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As the Obama administration reportedly considers delaying a key Clean Air Act rule aimed at cutting greenhouse gas pollution from new power plants, Newton, Mass., has become the 50th city urging the president and the U.S. Environmental Protection Agency (EPA) to move swiftly to make full use of the Clean Air Act to reduce carbon in the atmosphere.
The resolution, passed Monday night by the Board of Aldermen, makes Newton the latest U.S. community to join the Center for Biological Diversity’s national Clean Air Cities campaign, which has drawn support from cities such as Los Angeles, Washington, Detroit and Miami.
“Communities from every corner of America are urging President Obama to wield the Clean Air Act against catastrophic climate change,” said Rose Braz, the Center’s climate campaigns director. “Local leaders know their communities face enormous dangers from heat waves, storm surges and other effects of our increasingly chaotic climate. To save our cities, the president must take direct aim at the massive carbon pollution spewing out of power plants.”
The U.S. EPA must finalize a carbon pollution rule for new power plants by April 13, but some Washington insiders say the agency is likely to miss that deadline—and may be considering weakening the rule because of pressure from big polluters. Congress is also once again taking aim at the Clean Air Act’s authority to reduce carbon pollution through an amendment inserted into the latest budget debate.
Meanwhile, atmospheric carbon dioxide levels rose by a near-record amount last year, the National Oceanic Atmospheric Administration recently announced. Recent research has also raised fresh concerns about the dangers of climate change. Among the most disturbing findings are:
- The risk of devastating superstorms like Hurricane Sandy is rising because the rapid disappearance of Arctic summer sea ice is changing the jet stream and other atmospheric phenomena, according to Cornell and Rutgers researchers writing in the March issue of Oceanography.
- The frequency of extreme storm surges is expected to increase by as much as 10 times in the next few decades because of climate change, according to a new study in the Proceedings of the National Academy of Sciences.
- Climate change is already delivering periods of extreme heat that last longer than any living American has experienced and will warm our country by 10 degrees Fahrenheit by 2100, according to the recently released draft National Climate Assessment.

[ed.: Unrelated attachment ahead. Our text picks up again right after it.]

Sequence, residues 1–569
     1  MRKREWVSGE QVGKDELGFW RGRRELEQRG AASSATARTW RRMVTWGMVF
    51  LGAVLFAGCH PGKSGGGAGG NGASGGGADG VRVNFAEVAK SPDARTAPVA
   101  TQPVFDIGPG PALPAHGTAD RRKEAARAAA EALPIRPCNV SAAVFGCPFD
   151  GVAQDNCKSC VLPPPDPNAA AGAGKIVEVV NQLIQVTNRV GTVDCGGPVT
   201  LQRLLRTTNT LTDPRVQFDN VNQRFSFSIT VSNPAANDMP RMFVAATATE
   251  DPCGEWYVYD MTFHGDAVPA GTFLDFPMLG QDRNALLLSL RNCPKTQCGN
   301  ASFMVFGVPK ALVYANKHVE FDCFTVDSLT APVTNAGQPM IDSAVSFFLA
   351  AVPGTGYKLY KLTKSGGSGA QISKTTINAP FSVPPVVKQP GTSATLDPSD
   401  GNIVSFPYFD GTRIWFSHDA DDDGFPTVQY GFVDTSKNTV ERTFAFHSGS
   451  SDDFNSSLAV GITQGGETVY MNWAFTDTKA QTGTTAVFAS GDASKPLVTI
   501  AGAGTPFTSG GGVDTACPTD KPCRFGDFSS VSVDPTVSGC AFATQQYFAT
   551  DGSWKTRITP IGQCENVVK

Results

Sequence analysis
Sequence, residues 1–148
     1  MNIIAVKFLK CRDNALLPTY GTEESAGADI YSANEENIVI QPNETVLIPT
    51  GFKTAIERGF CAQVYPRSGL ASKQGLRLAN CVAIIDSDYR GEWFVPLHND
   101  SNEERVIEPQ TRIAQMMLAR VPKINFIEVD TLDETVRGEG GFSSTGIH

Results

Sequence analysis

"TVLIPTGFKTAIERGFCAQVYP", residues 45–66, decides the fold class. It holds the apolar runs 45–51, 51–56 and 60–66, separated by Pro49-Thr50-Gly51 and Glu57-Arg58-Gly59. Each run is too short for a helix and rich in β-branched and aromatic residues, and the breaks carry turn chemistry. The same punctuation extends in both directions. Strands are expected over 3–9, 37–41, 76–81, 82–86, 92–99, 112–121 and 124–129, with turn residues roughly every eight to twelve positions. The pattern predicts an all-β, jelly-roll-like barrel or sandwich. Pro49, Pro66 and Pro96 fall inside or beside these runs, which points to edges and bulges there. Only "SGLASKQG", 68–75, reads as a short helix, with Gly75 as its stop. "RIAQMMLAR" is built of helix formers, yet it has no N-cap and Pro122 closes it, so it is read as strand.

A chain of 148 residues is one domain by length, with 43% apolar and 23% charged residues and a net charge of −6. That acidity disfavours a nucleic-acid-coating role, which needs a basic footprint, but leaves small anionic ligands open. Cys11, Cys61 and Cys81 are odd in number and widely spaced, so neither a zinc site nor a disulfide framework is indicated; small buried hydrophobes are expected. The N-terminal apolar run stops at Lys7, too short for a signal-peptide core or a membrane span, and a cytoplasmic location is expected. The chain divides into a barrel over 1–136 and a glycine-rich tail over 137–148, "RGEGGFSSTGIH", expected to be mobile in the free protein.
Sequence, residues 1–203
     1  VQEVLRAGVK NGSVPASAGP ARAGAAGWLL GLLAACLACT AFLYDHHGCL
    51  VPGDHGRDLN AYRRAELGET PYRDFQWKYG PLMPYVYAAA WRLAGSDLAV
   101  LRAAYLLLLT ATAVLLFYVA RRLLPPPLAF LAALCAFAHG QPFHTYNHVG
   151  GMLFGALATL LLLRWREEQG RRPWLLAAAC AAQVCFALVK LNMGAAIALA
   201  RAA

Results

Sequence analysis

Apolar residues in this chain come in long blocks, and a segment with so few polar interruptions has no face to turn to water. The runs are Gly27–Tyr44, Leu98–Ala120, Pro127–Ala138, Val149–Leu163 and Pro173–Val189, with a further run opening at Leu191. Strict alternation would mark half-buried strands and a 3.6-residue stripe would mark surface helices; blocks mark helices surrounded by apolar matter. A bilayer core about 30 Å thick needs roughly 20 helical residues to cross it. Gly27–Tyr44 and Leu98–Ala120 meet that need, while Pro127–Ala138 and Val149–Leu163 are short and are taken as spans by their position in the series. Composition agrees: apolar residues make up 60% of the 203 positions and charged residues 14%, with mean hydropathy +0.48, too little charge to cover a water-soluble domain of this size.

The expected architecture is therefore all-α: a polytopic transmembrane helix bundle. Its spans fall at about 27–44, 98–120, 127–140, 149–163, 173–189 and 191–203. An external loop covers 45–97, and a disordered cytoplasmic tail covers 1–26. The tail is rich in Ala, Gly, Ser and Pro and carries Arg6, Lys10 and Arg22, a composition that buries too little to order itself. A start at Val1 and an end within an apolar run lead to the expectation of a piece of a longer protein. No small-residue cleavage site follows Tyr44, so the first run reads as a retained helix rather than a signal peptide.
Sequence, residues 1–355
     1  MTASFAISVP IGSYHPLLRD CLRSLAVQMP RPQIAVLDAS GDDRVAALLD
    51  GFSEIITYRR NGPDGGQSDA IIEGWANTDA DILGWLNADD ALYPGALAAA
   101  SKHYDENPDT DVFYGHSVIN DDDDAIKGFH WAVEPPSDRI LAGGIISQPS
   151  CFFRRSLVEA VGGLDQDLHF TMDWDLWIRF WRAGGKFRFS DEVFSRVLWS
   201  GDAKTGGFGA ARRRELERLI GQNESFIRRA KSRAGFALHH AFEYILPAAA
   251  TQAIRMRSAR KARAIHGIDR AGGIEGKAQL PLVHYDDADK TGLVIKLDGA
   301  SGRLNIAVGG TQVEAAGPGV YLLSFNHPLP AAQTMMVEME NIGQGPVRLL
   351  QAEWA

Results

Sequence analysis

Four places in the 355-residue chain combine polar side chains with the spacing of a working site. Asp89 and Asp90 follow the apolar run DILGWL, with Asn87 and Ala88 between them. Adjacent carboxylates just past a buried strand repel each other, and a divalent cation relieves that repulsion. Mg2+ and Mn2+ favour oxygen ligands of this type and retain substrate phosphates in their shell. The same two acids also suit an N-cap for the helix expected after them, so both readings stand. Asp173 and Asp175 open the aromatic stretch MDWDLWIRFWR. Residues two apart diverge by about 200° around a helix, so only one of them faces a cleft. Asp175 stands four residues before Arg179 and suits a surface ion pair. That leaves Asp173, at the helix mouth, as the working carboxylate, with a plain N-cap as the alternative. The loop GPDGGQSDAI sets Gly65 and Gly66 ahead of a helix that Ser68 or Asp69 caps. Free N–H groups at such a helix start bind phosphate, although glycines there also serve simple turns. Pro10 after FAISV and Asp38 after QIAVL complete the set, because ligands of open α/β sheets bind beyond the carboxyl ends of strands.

The Center’s Clean Air Cities campaign is working around the country to encourage cities to pass resolutions supporting the Clean Air Act and using the Act to reduce carbon in our atmosphere to no more than 350 parts per million, the level scientists say is needed to avoid catastrophic climate change.
Similar resolutions have been approved in Albany and Ithaca, N.Y.; Berkeley, Santa Monica, Culver City, Arcata, Oxnard, Santa Cruz, Richmond, San Francisco, San Leandro and Los Angeles, Calif.; Seattle, Wash.; Pittsburgh, Philadelphia and New Hope Borough, Pa.; Tucson, Ariz.; Boone, N.C.; Keene, N.H.; Portland, Maine; Ann Arbor, Mich.; Minneapolis, Minn.; Milwaukee and Madison, Wis.; Cambridge and Northampton, Mass.; Cincinnati and Oberlin, Ohio; Santa Fe, N.M.; Kansas City, Mo.; Salt Lake City, Utah; Miami, Broward County, Pinecrest, Tampa and Gulfport, Fla.; Chicago, Ill.; Teton County, Wyo.; Eugene, Ore.; Nashville, Tenn.; Kauai, Hawaii; Boulder, Colo.; Burlington, Vt.; Detroit, Mich.; Wilmington, Del.; Providence, R.I.; Gary, Ind.; Woodbridge, N.J; and Washington, D.C. Several other cities around the country will be considering resolutions over the next few months.
Visit EcoWatch’s CLIMATE CHANGE page for more related news on this topic.
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Editor's note: The coronavirus that started in Wuhan has sickened more than 4,000 people and killed at least 100 in China as of Jan. 27, 2020. Thailand and Hong Kong each have reported eight confirmed cases, and five people in the U.S. have been diagnosed with the illness. People are hoping for a vaccine to slow the spread of the disease.
By Nancy Schimelpfening
- Nutrition experts say healthy eating is about making good choices most of the time.
- Treats like cookies can be eaten in moderation.
- Information like total calories, saturated fat, and added sugars can be used to compare which foods are relatively healthier.
- However, it's also important to savor and enjoy what you're eating so you don't feel deprived.
Yes, we know. Cookies aren't considered a "healthy" food by any stretch of the imagination.
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